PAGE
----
Highly commended

Sambuichi Architects


Shizuki Castle, Yamaguchi Prefecture, Japan

December 2003
Sambuichis Air House, like his very different building for Miwa pottery dynasty (p72), is an essay in environmental propriety. All jury members were very surprised to find that they were by the same architect; but each is appropriate for its place and purpose.
The Air House has a stunningly beautiful site, on the inner moat of the Shizuki castle near Hagi in the Yamaguchi Prefecture, where cherry and pine trees soften winds and sunlight to the east and west and the Hashimoto river flows south down to the Sea of Japan. In summer, cool breezes are carried up from the river, but in wintertime, strong gales can come up from the sea. The house had to be open to its marvellous setting and yet be capable of being closed down in inclement weather.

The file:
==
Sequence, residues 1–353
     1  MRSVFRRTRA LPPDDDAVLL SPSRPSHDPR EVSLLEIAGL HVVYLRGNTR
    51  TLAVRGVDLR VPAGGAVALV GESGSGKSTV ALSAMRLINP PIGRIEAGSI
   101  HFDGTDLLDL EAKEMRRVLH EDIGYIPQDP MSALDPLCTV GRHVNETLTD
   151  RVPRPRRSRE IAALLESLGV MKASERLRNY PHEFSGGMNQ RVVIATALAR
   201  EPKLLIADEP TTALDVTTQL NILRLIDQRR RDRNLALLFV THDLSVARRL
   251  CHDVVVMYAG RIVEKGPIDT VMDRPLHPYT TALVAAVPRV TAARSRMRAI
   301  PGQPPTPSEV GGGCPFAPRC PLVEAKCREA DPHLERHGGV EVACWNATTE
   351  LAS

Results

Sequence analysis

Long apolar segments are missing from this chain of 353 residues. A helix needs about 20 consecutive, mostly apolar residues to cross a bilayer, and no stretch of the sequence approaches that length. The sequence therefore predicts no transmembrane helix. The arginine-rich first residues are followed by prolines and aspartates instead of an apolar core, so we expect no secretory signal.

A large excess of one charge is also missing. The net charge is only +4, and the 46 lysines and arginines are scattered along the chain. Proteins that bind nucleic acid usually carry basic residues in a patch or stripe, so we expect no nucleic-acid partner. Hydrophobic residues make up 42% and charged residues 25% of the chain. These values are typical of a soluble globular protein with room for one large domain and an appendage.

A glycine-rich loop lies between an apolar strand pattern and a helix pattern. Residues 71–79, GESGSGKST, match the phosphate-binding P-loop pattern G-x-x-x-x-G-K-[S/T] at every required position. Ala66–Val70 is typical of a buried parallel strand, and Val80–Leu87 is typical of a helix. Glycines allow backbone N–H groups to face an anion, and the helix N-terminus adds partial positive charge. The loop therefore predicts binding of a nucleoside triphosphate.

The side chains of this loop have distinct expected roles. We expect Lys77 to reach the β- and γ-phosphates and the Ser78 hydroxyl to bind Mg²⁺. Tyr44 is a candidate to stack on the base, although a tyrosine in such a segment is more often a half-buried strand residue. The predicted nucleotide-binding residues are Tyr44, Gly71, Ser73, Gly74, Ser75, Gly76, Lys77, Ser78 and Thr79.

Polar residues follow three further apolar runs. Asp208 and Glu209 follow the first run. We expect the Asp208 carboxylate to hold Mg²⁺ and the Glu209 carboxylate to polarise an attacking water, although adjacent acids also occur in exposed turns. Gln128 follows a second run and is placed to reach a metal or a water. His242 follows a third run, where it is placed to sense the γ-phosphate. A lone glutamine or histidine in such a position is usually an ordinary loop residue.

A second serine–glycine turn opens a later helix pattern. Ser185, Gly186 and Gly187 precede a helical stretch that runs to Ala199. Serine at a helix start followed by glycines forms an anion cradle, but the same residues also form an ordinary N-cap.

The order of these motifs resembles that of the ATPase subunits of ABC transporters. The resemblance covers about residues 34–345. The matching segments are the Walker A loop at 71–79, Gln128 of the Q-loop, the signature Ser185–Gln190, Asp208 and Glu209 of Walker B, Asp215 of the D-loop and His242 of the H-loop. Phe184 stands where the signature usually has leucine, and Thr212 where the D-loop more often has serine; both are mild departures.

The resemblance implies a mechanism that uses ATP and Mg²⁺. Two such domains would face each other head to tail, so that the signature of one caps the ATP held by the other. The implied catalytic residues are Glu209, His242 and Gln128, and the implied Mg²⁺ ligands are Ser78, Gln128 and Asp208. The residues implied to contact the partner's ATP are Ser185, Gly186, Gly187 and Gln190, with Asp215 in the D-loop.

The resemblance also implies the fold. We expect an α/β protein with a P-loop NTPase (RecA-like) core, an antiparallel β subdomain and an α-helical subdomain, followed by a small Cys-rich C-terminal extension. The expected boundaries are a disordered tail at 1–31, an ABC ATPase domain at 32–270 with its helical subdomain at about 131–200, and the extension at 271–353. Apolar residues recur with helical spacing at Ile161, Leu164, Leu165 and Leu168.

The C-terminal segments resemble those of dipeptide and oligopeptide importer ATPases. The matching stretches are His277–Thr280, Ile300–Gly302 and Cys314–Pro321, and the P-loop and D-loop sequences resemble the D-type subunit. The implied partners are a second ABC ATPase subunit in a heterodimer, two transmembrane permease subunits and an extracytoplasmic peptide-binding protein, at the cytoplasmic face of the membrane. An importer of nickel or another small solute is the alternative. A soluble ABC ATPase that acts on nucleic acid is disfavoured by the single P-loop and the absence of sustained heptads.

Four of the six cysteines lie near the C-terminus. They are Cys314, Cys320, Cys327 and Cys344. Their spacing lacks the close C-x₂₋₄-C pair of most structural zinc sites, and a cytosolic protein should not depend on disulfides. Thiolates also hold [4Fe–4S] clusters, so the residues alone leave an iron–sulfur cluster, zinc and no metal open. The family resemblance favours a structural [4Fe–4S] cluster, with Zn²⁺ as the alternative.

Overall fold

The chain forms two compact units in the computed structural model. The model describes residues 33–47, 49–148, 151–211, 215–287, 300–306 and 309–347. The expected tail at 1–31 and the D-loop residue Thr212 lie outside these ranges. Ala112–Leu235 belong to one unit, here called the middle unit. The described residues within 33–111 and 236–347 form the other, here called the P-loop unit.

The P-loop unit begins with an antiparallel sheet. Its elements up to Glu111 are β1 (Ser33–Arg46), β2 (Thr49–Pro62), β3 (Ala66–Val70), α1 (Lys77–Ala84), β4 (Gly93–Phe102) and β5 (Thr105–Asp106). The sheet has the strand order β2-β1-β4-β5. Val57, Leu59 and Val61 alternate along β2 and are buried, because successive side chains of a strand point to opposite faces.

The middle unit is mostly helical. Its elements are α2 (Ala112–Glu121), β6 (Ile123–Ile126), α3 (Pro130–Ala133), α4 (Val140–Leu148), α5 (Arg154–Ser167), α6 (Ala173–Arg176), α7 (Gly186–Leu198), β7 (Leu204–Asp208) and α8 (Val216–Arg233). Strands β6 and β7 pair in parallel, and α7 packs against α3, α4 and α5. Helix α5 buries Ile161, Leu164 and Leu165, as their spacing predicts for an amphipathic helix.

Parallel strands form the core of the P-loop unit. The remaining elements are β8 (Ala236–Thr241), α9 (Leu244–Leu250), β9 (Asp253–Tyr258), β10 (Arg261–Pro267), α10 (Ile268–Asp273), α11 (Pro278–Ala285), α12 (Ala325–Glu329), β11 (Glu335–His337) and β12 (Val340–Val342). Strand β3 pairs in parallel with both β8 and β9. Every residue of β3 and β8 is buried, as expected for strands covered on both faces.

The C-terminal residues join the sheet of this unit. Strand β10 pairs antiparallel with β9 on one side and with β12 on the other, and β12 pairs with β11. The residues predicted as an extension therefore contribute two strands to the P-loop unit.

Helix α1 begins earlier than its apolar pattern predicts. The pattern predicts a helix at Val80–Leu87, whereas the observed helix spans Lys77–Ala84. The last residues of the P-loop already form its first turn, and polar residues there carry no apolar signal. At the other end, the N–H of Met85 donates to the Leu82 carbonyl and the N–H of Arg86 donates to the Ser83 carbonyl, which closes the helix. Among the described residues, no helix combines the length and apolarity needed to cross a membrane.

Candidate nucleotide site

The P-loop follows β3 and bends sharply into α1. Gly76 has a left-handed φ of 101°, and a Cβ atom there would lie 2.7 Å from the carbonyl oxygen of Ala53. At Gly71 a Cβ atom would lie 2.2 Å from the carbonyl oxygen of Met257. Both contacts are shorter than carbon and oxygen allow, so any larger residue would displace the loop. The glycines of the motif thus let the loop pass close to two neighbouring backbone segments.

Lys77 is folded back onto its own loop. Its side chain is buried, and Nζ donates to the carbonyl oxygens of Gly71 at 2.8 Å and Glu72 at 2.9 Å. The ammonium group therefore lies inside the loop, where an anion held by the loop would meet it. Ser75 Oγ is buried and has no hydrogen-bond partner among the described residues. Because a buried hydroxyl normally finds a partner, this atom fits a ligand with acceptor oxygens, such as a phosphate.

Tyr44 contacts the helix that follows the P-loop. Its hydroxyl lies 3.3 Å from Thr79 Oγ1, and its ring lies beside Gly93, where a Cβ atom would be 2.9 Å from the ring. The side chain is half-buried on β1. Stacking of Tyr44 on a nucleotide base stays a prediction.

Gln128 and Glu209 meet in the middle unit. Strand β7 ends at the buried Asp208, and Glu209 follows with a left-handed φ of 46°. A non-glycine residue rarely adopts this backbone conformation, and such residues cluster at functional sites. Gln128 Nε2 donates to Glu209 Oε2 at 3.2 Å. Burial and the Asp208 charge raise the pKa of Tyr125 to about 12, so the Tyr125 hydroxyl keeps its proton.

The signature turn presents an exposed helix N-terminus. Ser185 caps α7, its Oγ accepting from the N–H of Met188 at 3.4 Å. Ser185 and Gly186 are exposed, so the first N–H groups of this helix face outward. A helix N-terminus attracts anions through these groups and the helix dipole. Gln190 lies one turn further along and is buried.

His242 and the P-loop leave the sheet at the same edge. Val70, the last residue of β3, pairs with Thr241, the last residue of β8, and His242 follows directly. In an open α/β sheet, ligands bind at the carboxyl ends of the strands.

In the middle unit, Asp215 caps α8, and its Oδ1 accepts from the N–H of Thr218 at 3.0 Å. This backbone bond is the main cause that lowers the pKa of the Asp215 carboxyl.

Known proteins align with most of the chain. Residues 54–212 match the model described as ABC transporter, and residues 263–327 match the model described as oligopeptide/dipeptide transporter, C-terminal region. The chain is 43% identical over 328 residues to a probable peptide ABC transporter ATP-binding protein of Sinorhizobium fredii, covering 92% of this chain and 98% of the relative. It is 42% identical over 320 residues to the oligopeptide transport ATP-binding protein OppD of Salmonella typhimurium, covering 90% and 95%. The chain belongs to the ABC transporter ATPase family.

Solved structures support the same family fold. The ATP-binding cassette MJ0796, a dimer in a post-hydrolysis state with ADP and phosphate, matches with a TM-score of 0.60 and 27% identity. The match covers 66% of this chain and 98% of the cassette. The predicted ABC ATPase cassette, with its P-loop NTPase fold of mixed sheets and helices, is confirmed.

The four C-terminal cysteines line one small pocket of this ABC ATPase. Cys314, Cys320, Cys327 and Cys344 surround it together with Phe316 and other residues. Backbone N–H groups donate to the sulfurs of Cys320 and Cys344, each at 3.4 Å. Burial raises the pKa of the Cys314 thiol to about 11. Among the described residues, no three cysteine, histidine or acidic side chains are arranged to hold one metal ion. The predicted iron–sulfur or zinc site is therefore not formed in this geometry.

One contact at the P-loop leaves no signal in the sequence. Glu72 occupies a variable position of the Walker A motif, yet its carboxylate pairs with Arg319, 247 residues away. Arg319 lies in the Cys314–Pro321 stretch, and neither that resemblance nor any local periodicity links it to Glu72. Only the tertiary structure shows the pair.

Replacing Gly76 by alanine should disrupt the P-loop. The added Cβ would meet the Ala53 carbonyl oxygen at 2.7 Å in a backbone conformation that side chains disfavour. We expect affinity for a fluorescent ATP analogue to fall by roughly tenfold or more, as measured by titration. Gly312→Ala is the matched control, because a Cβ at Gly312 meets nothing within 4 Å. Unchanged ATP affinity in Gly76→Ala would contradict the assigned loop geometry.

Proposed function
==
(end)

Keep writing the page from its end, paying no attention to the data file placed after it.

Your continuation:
Sambuichi decided to adopt a strategy combining internal shutters and movable walls with thermal buffer spaces, what he calls the air-control rooms. These include the verandah, car port, terrace and sun room, and transition from interior to outside is always through such an intermediate space. It is important, Sambuichi says, to take the wind into the house gently. The double roof with wide southern eaves protects the rooms from excessive sun in summer and encourages cooling breezes. In winter, shoji screens and shutters within the glass walls shelter and protect the owners from cold. The limited palette of materials was used with great precision and propriety: it is as the architect says a wooden space covered by glasses or perhaps a glass, transparent space inlaid with wood.
The jury was impressed with the precision and essential economy of the house, and by its response to its marvellous site.

Sambuichi Architects, Naka-ku Hiroshima, Japan
Project team
Hiroshi Sambuichi, Hidenori Ejima, Manabu Aritsuka
Hiroyuki Hirai